Tibesti Region

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21°21′16″N17°00′04″E / 21.35444°N 17.00111°E / 21.35444; 17.00111


Tibetsi map.svg
Map of Chad showing Tibesti.
Country Chad
Departments 2
Sub-prefectures 7
Capital Bardaï
 (2009) [1]
 The 2009 census figure is an official estimate. [1]

Tibesti Region (Arabic : مقاطعة تيبستي) is a region of Chad, located in far northwest of the country. Its capital is Bardaï. It was created in 2008 when the former Borkou-Ennedi-Tibesti Region was split into three, with the Tibesti Department becoming the Tibesti Region. The region is named for the Tibesti Mountains, one of the most prominent mountain chains in the Sahara Desert. Tibesti is the least populated region of Chad, and also has the lowest GDP in the country.



The rock paintings and engravings in Tibesti bear witness to an ancient civilization from 25,000 B.C. There are rock engravings in the area of Zouar, featuring, among others, cows eating fresh grass, attesting to the wet past of the Sahara.[ citation needed ] The area has historically been mainly inhabited by the Toubou people.

Age of Colonisation

In 1869 Gustav Nachtigal was sent by Prussian Chancellor Otto von Bismarck to contact the Sultan of Bornu, and was the first European to travel the Tibesti region from Zouar to Bardaï. [2] Condemned by the traditional assembly of the Toubou to capital punishment for espionage, he appealed, but this was rejected. He was only released upon the intervention of Maï Arami Tetimi. Upon his return to Germany he published the book Sahara and the Sudan detailing his experiences.

The capital, Bardaï, was invaded by the Ottoman Empire in 1908, and by 1911 they had 60 men and 6 cannons in the town. [3]

The area fell under French rule during the Scramble for Africa in the late 19th century. Prior to 1931 much of the region belonged to what is now Niger as part of the French West Africa colony. [4]

First Chadian Civil War

Claustre Affair

in 1974, during the First Chadian Civil War, rebels led by Toubou nationalist Hissène Habré captured French archaeologist Françoise Claustre, Marc Combe (also French), an assistant to Mrs. Claustre's husband, and Christoph Staewen, a German physician. Stray bullets killed Staewen's wife. The trio were captured near Bardaï in the desert of the Tibesti Region. Combe later escaped and Staewen was released after a ransom was paid by the German government. [5] Combe would later write a book about his experiences, Otage au Tibesti. [5]

Rebels also established a radio station in Bardaï called "Voice of the Liberation of Chad", also known as Radio Free Bardaï. [6] An opposition leader, Goukouni Oueddei, established a base in the Tibesti region in the early 1980s with Libyan military backing. [7] In December, 1986, Habré attacked the Libyans in the Tibesti region around Bardaï. [8]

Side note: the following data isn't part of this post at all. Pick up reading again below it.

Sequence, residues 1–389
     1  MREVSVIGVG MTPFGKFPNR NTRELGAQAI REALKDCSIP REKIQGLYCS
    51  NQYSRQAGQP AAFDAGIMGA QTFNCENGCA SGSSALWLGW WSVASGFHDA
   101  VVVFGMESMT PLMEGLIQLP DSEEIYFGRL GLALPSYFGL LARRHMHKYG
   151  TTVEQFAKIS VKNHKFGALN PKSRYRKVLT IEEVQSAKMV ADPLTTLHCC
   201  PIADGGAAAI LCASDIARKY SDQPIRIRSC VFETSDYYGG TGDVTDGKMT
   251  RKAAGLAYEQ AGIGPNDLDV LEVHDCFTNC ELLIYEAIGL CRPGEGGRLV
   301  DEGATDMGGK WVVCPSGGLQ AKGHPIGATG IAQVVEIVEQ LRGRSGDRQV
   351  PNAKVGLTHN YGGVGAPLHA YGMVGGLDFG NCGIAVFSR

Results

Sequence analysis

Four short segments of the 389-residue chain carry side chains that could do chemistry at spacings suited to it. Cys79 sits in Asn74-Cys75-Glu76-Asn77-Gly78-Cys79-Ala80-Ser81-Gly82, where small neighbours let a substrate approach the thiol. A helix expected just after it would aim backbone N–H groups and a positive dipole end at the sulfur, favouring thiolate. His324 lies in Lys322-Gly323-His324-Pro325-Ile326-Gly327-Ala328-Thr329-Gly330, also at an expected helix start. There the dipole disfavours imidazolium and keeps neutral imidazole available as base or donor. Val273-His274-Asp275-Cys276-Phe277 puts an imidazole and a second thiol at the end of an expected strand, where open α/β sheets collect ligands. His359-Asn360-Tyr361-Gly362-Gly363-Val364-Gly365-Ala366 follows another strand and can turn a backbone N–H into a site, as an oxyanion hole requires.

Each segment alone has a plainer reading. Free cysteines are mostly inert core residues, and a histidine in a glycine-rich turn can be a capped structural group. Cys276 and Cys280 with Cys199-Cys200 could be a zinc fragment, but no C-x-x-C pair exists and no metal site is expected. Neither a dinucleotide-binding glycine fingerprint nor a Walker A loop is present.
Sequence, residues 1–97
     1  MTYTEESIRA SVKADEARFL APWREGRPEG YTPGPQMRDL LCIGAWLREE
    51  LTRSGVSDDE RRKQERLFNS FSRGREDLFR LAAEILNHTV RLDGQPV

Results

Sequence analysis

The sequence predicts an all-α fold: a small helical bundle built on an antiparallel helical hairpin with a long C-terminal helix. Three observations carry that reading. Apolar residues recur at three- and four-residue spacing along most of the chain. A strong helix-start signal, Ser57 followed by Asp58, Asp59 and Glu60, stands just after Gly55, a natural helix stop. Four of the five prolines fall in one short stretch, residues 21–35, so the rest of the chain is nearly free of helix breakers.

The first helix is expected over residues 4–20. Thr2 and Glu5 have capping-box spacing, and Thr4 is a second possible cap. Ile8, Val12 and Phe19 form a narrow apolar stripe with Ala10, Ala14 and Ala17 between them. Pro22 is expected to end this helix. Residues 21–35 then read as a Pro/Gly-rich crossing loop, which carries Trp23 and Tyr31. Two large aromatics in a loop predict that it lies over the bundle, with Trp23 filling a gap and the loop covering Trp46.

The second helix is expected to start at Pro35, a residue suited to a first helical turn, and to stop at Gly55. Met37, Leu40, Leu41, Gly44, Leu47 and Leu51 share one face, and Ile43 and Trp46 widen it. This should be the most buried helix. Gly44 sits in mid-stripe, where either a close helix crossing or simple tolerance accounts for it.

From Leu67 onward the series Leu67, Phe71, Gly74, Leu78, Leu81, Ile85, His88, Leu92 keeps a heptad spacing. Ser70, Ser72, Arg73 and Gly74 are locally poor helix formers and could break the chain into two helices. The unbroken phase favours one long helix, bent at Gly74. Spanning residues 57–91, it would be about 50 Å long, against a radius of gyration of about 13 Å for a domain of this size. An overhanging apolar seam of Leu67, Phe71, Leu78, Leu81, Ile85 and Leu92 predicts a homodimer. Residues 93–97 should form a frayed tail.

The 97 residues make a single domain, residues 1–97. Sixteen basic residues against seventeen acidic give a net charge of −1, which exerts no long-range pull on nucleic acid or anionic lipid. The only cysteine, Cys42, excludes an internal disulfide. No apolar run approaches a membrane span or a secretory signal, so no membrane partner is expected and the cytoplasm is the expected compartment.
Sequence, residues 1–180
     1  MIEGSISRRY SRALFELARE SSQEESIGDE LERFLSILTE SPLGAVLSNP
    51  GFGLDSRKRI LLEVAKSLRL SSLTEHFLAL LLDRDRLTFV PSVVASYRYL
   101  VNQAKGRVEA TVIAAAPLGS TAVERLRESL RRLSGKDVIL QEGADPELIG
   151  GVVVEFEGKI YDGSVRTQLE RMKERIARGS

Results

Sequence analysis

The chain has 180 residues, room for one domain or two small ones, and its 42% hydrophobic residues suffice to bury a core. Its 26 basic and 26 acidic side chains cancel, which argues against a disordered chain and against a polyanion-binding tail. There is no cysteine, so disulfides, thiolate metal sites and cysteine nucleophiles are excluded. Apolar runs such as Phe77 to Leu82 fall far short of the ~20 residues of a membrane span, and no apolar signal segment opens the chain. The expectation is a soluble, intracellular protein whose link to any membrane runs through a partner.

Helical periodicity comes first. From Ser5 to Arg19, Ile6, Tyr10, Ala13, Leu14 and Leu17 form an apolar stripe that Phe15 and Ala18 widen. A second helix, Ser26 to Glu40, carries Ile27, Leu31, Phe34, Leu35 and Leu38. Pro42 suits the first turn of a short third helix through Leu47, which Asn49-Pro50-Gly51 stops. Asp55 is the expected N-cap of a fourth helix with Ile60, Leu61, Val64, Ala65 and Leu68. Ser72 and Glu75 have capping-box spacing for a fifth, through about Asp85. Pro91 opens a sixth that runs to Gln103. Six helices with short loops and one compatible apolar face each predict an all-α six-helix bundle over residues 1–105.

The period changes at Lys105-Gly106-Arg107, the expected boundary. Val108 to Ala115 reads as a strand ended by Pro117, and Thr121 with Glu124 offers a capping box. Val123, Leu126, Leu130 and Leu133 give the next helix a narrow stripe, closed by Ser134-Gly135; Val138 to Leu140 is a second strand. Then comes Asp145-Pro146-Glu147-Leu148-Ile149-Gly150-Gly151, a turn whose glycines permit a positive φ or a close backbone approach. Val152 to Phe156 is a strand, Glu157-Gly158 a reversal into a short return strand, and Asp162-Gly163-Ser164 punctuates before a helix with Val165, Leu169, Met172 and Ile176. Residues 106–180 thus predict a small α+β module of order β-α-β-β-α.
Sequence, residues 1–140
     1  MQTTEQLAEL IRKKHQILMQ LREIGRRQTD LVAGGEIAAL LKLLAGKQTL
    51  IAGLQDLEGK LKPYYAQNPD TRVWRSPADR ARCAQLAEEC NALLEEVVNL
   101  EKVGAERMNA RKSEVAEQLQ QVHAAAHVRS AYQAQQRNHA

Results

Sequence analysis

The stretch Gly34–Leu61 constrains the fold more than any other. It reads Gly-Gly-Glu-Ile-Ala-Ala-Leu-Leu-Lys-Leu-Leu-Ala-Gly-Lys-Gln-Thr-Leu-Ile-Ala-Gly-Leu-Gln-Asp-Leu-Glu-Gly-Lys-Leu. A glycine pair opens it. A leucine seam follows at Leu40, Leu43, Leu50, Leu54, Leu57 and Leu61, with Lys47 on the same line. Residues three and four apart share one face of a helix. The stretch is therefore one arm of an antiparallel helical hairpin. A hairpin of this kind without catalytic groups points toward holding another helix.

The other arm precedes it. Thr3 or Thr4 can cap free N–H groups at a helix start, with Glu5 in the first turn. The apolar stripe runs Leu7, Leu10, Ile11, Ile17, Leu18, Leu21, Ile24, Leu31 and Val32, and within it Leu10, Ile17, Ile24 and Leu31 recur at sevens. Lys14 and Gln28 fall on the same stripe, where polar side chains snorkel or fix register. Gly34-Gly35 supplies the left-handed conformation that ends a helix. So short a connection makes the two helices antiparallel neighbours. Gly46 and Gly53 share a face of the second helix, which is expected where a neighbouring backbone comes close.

In the late 2000s-early 2010s gold was discovered in the region, prompting a gold rush which has brought much insecurity to the region. [9] In September 2019 about 30 people died following the collapse of an illegal gold mine in Kouri Bougoudi. [10]

2021 offensive

An offensive from the Front for Change and Concord in Chad (FACT) rebel group began in the region on the day of the 2021 Chadian presidential election. On 20 April, President Idriss Déby was killed while visiting the frontlines of the conflict, the country's borders has been shut as a result of this. [11]


The region borders Libya to the north, Borkou Region to the east, and Niger to the west. The most northerly of Chad's regions, it is sparsely populated, being part of the Sahara Desert. It contains parts of the Tibesti Mountains, and also part of the Erg of Bilma, a vast area of sand dunes in the centre of the desert. The region's northern border lies within the Aouzou Strip, historically a point of dispute between Chad and Libya. [12]


The regional capital is Bardaï; other major settlements include Aouzou, Goubonne, Wour, Zouar and Zoumri. [13]


The region had a population of 25,483 at the time of the 2009 Chadian census. [1] The main ethnolinguistic group is the Tedaga Toubou. [14]


The region of Tibesti is divided into two departments:

Department Capital Sub-prefectures
Tibesti Est BardaïBardaï, Zoumri, Aouzou, Yebbibou
Tibesti Ouest Zouar Zouar, Wour, Goubonne

Related Research Articles

Chad, officially the Republic of Chad, is a landlocked country in Central Africa. It borders Libya to the north, Sudan to the east, the Central African Republic to the south, Cameroon and Nigeria to the southwest, and Niger to the west. Due to its distance from the sea and its largely desert climate, the country is sometimes referred to as the "Dead Heart of Africa".

<span class="mw-page-title-main">Faya-Largeau</span> Place in Borkou, Chad

Faya-Largeau is the largest city in northern Chad and was the capital of the region of Bourkou-Ennedi-Tibesti. It is now in the Borkou Region, which was formed in 2008 from the Borkou Department of the former Bourkou-Ennedi-Tibesti region.

<span class="mw-page-title-main">Tibesti Mountains</span> Mountain range in the Sahara

The Tibesti Mountains are a mountain range in the central Sahara, primarily located in the extreme north of Chad, with a small portion located in southern Libya. The highest peak in the range, Emi Koussi, lies to the south at a height of 3,415 meters (11,204 ft) and is the highest point in both Chad and the Sahara. Bikku Bitti, the highest peak in Libya, is located in the north of the range. The central third of the Tibesti is of volcanic origin and consists of five volcanoes topped by large depressions: Emi Koussi, Tarso Toon, Tarso Voon, Tarso Yega and Toussidé. Major lava flows have formed vast plateaus that overlie Paleozoic sandstone. The volcanic activity was the result of a continental hotspot that arose during the Oligocene and continued in some places until the Holocene, creating fumaroles, hot springs, mud pools and deposits of natron and sulfur. Erosion has shaped volcanic spires and carved an extensive network of canyons through which run rivers subject to highly irregular flows that are rapidly lost to the desert sands.